ALLEN MACNEILL: Darwin took Jenkin's criticisms very seriously. He eventually went on to publish a two-volume work on the variations in domesticated animals and plants. In it, he proposed a theory for the origin of variation that was essentially the same as Lamarck's theory of the inheritance of acquired characteristics as the result of use and disuse.
Darwin proposed that all the cells in a living organism produced tiny invisible particles called "pan genes." These pan genes were produced by the things that happened to the cells in the organism during its life. They then migrated through the circulatory system of the organism to the sex cells, where they were then passed on to the offspring. In this way, Darwin could explain how changes in the organism during its life could be passed on to its offspring as the result of mating.
Darwin's hypothesis not only explained the inheritance of characteristics that were acquired during an organism's lifetime. It also provided an explanation for the source of the variation that Darwin said was necessary for evolution by natural selection. This variation was the result of the different experiences that each organism had during its life and which were passed on to the offspring by the pan genes that Darwin proposed existed and were carried through the circulatory system.
Darwin's pan gene hypothesis was also potentially testable. Since the pan genes were supposedly carried through the circulatory system, blood could be transfused from one organism to another to determine if the things that had happened to the organism whose blood was transfused would show up in the characteristics of the organisms that receive the transfusion.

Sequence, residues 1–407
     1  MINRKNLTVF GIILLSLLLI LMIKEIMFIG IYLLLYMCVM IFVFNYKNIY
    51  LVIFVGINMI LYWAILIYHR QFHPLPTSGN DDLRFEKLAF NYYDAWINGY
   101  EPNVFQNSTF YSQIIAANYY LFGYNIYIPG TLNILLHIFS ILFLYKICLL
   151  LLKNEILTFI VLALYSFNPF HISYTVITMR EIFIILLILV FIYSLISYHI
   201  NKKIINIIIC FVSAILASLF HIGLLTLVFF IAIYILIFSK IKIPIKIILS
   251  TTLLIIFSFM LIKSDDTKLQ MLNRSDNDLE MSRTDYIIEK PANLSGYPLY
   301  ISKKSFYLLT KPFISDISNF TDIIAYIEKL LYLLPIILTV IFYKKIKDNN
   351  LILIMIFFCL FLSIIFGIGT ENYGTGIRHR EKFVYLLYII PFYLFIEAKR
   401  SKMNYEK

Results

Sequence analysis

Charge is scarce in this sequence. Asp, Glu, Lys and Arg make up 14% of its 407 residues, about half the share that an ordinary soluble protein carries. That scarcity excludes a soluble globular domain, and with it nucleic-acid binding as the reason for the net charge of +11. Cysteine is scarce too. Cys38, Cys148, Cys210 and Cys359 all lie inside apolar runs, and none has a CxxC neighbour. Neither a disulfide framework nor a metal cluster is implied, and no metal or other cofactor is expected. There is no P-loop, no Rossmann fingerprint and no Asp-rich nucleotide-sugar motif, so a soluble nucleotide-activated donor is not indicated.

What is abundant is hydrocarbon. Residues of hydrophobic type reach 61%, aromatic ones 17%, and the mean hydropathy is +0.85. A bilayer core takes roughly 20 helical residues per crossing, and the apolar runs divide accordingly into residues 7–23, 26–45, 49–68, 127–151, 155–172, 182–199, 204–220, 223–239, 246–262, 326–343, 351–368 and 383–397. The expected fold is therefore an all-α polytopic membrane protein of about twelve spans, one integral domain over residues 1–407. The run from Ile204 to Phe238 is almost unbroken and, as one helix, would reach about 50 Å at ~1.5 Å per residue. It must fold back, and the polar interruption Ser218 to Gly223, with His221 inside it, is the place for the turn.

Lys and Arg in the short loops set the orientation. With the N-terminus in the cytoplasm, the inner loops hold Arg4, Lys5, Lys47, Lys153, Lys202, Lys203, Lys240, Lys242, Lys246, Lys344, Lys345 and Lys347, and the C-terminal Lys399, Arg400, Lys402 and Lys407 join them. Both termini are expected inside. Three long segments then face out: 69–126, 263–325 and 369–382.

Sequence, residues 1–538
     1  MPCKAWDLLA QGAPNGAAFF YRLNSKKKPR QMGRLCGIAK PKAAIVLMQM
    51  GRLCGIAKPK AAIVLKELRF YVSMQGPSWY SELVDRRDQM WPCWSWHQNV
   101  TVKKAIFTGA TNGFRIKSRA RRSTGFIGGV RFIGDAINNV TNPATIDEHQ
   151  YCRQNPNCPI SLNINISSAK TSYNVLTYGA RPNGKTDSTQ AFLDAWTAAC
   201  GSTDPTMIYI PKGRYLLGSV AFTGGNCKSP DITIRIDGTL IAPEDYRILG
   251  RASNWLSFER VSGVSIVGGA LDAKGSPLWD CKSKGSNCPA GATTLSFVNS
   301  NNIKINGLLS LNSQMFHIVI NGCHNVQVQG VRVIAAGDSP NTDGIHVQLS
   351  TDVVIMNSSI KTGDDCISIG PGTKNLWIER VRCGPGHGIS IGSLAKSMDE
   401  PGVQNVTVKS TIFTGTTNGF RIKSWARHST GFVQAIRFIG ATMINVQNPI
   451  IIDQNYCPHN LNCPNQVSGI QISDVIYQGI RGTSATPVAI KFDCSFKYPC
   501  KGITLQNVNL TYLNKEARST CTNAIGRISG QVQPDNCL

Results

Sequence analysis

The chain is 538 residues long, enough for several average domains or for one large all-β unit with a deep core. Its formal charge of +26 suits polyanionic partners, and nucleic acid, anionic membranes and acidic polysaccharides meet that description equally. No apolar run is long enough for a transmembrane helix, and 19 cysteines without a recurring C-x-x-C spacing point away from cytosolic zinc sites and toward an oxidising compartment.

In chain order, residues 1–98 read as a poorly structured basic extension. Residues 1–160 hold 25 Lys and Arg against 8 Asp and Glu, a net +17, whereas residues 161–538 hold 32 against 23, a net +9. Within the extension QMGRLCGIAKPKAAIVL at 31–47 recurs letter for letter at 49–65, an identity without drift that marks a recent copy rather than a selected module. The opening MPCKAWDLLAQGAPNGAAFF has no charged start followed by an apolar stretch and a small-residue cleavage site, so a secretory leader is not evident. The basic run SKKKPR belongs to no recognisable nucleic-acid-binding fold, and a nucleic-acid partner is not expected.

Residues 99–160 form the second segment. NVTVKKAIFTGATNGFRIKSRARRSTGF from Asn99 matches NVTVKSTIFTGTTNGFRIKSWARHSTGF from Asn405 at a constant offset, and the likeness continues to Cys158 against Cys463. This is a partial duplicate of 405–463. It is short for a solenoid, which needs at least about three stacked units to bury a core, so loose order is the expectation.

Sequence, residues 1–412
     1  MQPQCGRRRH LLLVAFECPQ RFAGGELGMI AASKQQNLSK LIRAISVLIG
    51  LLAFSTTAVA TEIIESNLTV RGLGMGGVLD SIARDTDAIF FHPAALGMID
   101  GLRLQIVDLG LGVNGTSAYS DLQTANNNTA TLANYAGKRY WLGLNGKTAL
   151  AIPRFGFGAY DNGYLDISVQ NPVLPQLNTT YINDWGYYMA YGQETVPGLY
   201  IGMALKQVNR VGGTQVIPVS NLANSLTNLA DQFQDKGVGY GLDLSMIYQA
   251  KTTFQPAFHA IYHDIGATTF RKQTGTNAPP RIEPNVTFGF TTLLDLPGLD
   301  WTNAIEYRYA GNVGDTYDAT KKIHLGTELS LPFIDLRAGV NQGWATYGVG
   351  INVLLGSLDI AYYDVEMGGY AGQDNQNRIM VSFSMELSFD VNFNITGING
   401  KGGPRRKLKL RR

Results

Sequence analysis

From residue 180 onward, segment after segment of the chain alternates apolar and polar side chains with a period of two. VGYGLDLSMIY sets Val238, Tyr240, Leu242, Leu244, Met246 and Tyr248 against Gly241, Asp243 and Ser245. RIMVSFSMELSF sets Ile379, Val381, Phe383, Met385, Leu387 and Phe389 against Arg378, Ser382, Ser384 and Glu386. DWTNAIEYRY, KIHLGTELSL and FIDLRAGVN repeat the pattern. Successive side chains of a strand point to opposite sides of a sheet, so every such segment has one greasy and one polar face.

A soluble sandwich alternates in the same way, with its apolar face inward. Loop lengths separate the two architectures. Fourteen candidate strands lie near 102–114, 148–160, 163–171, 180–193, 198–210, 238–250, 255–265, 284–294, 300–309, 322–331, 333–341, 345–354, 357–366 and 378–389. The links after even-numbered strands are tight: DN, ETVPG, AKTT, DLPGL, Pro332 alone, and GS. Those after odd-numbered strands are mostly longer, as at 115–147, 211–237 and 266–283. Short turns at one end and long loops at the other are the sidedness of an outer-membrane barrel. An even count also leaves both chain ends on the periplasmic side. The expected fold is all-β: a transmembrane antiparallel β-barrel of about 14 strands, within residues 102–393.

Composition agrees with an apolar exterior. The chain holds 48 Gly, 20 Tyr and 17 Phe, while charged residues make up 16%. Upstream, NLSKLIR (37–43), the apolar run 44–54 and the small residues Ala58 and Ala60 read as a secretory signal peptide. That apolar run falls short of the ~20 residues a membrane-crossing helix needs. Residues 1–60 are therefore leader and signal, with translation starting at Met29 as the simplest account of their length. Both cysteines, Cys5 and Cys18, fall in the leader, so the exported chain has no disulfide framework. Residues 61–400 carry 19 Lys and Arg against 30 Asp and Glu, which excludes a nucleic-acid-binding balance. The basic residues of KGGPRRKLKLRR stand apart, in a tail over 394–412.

Unfortunately for Darwin's theory, this was not confirmed. Instead, transfusions and other experiments tended to indicate that there were no such thing as pan genes and furthermore, eventually, it was determined that acquired characteristics could not be inherited. As brilliant and as original as Darwin's pan gene hypothesis was, it was simply not supported by the evidence.
And so as is the case in science always, it was rejected. Darwin's theory therefore did not contain a key ingredient. It did not contain any explanation for the origin of the variations that were necessary for natural selection to occur.
SPEAKER: Unknown to Darwin, a solution to both the problem of blending inheritance and the crucial problem of the source of variation had already been solved. Gregor Mendel, an Augustinian monk living in what was then part of Austria, had formulated and tested a revolutionary theory. Mendel was a university-trained physicist. Using Newton's concept of invisible, indivisible particles, Mendel proposed that such particles were contained in all cells and encoded all the characteristics of living organisms.
Unlike Darwin's pan genes, however, Mendel's particles of inheritance worked in the opposite direction. They spread out through the bodies of organisms as they developed and most importantly, they produced characteristics that were not blended when combined.
Mendel crossed tens of thousands of garden peas and showed that the traits that he observed were not blended from generation to generation. Instead, some traits, called "dominant traits," masked the expression of other recessive traits when the two were combined. However, the recessive traits could be combined together to produce unblended recessive offspring.